How millions of kids are being shaped by know-it-all voice assistants. Kids adore their new robot siblings.
As millions of American families buy robotic voice assistants to turn off lights, order pizzas and fetch movie times, children are eagerly co-opting the gadgets to settle dinner table disputes, answer homework questions and entertain friends at sleepover parties. Many parents have been startled and intrigued by the way these disembodied, know-it-all voices — Amazon’s Alexa, Google Home, Microsoft’s Cortana — are impacting their kids’ behavior, making them more curious but also, at times, far less polite.
In just two years, the promise of the technology has already exceeded the marketing come-ons. The disabled are using voice assistants to control their homes, order groceries and listen to books. Caregivers to the elderly say the devices help with dementia, reminding users what day it is or when to take medicine. For children, the potential for transformative interactions are just as dramatic — at home and in classrooms. Naomi S. Local post_newsletter353. Bibliotech.me. As Information Landscape Changes, School Librarians Take on New Roles. School librarian Michelle Luhtala co-teaches a lesson on news analysis to 11th and 12th grade students at New Canaan High School in Connecticut.
She and fellow librarian Jacqueline Whiting frequently partner with classroom teachers at the school to teach media-literacy skills. —Christopher Capozziello for Education Week Digital-literacy instruction key to evolving job portfolio New Canaan, Conn. The school librarians entered the civics classroom with authority, calling the students by name, cracking jokes, and quickly pulling up their presentation. The students, mostly seniors at New Canaan High School here, got out their laptops and connected to the presentation with Nearpod, an interactive-lesson platform. It used to be easy: Newspapers clearly marked pages as "opinion" or "news. " That was the point of the day's lesson, led by New Canaan High librarians Michelle Luhtala and Jacquelyn Whiting and civics teacher Kristine Goldhawk. After class, Whiting smiled, reflecting on the lesson. If you liked the presentation(s), please post a testimonial on my nomination. Acknowledging the role social media plays in school library promotion, AASL has launched a new recognition program – Social Media Superstars.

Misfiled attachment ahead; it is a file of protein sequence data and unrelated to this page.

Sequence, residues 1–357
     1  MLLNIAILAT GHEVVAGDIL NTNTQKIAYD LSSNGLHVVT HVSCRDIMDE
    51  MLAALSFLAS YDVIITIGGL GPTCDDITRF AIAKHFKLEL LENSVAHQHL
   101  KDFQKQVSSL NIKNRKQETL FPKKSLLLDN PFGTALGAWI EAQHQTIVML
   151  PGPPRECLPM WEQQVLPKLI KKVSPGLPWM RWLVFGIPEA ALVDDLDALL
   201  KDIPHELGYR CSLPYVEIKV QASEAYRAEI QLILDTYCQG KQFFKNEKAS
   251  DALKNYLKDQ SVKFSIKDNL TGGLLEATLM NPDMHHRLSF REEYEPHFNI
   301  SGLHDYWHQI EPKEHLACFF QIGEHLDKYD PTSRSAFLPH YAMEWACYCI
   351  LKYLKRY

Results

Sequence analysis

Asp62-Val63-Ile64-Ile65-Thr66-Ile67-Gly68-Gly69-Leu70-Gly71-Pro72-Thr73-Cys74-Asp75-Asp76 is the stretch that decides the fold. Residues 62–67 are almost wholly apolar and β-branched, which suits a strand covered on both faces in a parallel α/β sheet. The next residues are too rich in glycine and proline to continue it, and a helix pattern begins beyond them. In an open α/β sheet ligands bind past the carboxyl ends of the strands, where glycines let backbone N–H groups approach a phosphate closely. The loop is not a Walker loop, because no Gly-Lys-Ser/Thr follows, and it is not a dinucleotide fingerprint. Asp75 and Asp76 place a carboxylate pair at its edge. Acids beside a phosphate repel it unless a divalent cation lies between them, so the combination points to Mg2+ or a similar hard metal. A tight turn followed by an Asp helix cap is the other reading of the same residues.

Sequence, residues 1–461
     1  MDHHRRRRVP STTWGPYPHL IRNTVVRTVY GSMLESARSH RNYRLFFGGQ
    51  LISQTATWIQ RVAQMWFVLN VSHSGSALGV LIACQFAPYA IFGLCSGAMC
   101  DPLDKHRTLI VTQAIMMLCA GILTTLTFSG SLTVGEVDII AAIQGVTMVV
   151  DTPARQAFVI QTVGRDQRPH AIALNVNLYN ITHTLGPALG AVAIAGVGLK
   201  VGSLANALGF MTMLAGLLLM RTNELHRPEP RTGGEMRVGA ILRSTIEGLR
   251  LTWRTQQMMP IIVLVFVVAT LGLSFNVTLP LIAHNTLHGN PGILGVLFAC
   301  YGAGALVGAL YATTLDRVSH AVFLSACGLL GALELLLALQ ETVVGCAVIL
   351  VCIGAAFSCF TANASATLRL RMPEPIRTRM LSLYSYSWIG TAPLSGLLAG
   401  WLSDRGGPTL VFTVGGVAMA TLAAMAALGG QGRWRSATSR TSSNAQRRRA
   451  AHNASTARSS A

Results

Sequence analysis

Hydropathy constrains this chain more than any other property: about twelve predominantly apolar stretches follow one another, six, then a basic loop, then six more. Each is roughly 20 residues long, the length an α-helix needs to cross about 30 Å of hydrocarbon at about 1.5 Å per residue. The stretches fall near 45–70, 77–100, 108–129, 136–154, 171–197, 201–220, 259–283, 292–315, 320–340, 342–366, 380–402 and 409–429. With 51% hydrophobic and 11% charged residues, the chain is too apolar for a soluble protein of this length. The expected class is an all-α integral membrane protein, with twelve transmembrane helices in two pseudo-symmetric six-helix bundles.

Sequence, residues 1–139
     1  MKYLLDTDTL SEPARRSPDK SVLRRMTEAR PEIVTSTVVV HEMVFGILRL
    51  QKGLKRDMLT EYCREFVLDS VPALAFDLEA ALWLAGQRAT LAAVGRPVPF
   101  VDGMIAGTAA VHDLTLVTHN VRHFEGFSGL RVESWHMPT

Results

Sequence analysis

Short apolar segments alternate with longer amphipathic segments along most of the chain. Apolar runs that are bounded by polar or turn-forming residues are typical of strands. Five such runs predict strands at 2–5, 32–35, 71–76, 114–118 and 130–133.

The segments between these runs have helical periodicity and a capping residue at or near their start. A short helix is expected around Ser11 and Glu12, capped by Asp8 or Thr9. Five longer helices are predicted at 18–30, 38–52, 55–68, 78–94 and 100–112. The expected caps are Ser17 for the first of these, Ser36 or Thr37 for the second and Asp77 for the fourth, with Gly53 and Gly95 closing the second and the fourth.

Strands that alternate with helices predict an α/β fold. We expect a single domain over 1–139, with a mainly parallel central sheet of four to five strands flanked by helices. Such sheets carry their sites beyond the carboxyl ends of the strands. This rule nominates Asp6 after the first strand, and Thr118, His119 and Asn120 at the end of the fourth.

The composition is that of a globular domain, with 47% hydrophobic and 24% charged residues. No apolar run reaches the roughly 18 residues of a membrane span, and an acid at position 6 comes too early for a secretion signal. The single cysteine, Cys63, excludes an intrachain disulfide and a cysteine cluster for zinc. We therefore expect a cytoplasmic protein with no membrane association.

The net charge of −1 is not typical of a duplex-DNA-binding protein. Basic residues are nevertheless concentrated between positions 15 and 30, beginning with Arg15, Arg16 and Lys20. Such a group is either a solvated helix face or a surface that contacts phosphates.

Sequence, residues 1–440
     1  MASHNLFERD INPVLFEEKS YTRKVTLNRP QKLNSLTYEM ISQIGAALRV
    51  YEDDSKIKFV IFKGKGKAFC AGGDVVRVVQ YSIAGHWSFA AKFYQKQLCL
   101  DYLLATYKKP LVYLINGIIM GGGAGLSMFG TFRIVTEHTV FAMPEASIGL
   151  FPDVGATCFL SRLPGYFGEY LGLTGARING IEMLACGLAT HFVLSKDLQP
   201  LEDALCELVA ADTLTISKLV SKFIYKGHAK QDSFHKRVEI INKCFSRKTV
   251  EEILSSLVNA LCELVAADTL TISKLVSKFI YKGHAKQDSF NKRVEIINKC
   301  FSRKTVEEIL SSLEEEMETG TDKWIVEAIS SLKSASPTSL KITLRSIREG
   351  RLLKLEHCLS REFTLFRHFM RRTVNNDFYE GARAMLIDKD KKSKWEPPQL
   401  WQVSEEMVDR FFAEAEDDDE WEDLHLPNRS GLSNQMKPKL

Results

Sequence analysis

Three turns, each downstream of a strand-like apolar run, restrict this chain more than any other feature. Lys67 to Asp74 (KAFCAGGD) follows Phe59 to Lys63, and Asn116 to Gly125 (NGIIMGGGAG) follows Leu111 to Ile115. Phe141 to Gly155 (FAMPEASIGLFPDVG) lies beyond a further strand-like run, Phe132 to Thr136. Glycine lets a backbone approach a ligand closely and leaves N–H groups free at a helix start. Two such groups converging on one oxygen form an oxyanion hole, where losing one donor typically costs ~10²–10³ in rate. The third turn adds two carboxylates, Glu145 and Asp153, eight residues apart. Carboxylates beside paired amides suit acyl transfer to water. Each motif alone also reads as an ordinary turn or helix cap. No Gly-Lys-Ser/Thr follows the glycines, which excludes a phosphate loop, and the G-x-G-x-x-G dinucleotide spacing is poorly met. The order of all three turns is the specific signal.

Nominated and endorsed by their peers, the program will recognize school library professionals who enrich the profession and its work on behalf of students by sharing information, expertise, ideas, encouragement, dialog and inspiration widely via a variety of social media channels. After an open nomination period, the Social Media Recognition Task Force is proud to announce the following finalists in each category. Through April 14, members of the school library community and the public are invited to post endorsements of their personal superstar by leaving a comment on each category’s post. After April 14, the Social Media Recognition Task Force will consider the endorsements and the original nominations and select an overall Superstar for each category. Superstars will be announced Thursday, April 27 at 6:00 p.m. We want to hear from you!
MASL 2017 Transforming Libraries in Transitional Times - Google Slides.
Personalize Learning Through the Library. Digital, Media, and News Literacy (Part II)